In January of 1914, as Archduke Franz Ferdinand was making plans in Austria to meet his wife in Sarajevo, another man was making plans in a French village called Givors. An employee of the company that built Mercedes automobiles, he was planning a way to insure victory for Germany in that summer's Grand Prix of France.
France's Peugeot craftsmen seemed to have the race wrapped up. They not only had the best car, but also the best driver of the day: Georges Boillot. A small man with a large head and an impressive mustache, Boillot was a national hero and he knew it. What he did not know was that Daimler-Motoren Gesellschaft—the Mercedes people—had definitely decided to win the Grand Prix. When the Daimler engineer returned to Germany from Givors he brought with him a detailed report of every curve and gradient on the 23.3-mile circuit, listing the gear ratios required to negotiate them.
A few months later the Germans returned to Givors with seven practice vehicles. Every morning at 6 a whistle would blow and the drivers would come out. In the courtyard of the local inn stood the cars, each with its mechanic standing beside it. They would practice on the lengthy course until 11, return for lunch and a discussion, then drive again until 7 p.m. The leader of the expedition was Max Sailer, a young engineer who had been with the company only three years and who immediately antagonized the veteran stars of the team.
Christian Lautenschlager and Otto Salzer, although ostensibly only master mechanics, were not used to taking orders from upstart engineers. Lautenschlager, a giant of a man with an enormous, drooping mustache, had won the 1908 Grand Prix while on loan to Benz. Now he was amazed to find that Sailer not only intended to act as the martinet of the practice session, but that he also intended to drive in the race. Lautenschlager lost his usual Swabian calm. "You have absolutely no idea what Grand Prix driving is!" he exploded.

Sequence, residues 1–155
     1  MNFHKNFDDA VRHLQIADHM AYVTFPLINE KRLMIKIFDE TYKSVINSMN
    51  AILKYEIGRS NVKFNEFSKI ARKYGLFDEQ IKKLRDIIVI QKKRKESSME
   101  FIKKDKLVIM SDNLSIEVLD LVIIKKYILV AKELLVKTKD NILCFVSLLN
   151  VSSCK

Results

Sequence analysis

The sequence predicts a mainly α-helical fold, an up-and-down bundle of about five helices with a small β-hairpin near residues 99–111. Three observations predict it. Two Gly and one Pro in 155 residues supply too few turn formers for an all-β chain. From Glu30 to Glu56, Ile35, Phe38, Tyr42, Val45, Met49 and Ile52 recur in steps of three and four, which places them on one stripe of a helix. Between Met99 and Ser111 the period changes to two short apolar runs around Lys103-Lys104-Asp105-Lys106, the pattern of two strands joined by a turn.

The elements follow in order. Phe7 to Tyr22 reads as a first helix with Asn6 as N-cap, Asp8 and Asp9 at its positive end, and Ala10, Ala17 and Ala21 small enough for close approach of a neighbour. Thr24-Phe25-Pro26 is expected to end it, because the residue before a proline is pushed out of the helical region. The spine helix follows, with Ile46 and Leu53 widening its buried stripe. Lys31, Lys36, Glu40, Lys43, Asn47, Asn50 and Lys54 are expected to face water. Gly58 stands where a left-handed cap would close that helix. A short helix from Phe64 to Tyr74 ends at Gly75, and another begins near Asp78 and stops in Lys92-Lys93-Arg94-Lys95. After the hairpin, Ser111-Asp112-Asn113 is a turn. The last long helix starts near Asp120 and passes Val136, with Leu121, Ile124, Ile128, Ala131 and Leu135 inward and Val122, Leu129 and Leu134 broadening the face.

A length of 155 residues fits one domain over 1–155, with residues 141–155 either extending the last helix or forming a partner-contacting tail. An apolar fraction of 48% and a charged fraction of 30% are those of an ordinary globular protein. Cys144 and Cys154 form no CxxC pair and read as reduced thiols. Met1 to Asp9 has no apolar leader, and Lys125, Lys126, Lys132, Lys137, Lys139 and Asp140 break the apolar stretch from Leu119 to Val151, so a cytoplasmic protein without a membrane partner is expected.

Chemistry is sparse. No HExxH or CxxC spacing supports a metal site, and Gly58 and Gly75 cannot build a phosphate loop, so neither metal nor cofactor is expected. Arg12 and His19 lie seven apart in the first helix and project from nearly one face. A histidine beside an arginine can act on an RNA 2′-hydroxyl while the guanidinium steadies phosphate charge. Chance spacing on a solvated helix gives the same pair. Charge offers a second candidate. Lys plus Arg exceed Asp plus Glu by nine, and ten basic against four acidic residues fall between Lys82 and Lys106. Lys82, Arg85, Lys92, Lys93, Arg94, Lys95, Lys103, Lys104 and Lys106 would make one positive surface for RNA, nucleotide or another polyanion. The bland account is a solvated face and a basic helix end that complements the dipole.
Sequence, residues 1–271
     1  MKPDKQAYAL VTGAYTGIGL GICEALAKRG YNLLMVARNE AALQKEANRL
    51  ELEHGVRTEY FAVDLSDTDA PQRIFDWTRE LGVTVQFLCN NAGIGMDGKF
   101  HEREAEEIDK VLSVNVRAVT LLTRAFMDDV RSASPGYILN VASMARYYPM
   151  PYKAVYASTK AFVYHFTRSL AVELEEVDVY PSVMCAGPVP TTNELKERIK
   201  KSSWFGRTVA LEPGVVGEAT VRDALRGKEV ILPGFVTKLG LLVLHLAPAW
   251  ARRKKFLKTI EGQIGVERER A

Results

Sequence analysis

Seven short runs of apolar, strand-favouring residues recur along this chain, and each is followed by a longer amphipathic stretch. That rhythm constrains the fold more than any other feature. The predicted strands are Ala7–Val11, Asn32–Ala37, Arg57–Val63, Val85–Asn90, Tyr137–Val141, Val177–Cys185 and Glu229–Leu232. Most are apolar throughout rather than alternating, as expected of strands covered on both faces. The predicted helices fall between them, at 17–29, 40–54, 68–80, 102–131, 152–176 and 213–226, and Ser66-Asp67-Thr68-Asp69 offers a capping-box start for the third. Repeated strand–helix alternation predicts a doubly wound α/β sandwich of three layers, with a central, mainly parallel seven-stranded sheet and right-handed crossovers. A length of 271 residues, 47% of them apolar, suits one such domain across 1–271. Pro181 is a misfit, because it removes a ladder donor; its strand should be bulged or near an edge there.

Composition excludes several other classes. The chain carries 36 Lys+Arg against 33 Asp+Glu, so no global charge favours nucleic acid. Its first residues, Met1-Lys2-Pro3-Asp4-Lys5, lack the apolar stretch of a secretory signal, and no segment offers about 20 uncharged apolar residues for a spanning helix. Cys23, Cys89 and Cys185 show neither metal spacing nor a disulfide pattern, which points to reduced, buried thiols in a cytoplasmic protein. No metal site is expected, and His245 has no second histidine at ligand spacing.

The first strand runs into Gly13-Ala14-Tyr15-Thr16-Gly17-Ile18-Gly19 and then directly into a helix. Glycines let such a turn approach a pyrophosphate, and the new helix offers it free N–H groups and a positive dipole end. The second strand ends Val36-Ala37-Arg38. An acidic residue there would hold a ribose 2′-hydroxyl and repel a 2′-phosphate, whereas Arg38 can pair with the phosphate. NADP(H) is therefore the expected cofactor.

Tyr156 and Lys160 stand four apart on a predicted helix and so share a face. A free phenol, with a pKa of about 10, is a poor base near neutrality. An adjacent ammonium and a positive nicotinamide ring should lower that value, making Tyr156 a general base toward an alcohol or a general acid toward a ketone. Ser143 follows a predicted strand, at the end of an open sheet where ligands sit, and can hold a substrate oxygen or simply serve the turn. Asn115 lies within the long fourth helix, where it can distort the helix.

The entry at Givors was the most impressive ever, with 37 cars representing 13 makes from six nations. Germany had five Mercedes, with Sailer, Lautenschlager, Salzer, former Fiat star Louis Wagner of France and Belgian Theodore Pilette as drivers. Three Opels completed the Teutonic entry. France had three Peugeots, three Delages, three Schneiders and three Aldas. From Italy there were three Fiats, three Nazzaros and an Acquila. England contributed three Sunbeams and three Vauxhalls. The Sunbeams were identical to the Peugeots, but this didn't bother Chief Designer Louis Coatalen. "It is a wise man who copies without altering," was his answer to those who accused him.
On the Sunday before the race while the entries were being assembled in Givors, Franz Ferdinand met his wife in Sarajevo. There, too, was a 19-year-old named Gavrilo Princip. When the archduke's car paused before a cafe at which he was sitting Princip drew a pistol and fired twice. Within a few minutes the heir to the throne of Austria and his wife were dead.
Although the crime was a sensational one, to the masses gathering south of Lyon the battle of the automobiles was vastly more important than any Serbian terrorist movement. It was estimated that nearly 20,000 automobiles, more than a fifth of all those in France, were there in the spectator fleet. Parties went on all night, and the whole countryside seemed to pulsate with the noise and restless people. On the morning of the race, with many of the celebrants sleeping off the excesses of the night before, the 37 entries lined up two abreast, ready to start two at a time, with a 30-second interval between pairs. Boillot was in the third twosome, with Sailer 90 seconds behind him. Lautenschlager was five minutes in back of Boillot, and three Mercedes cars were at the rear.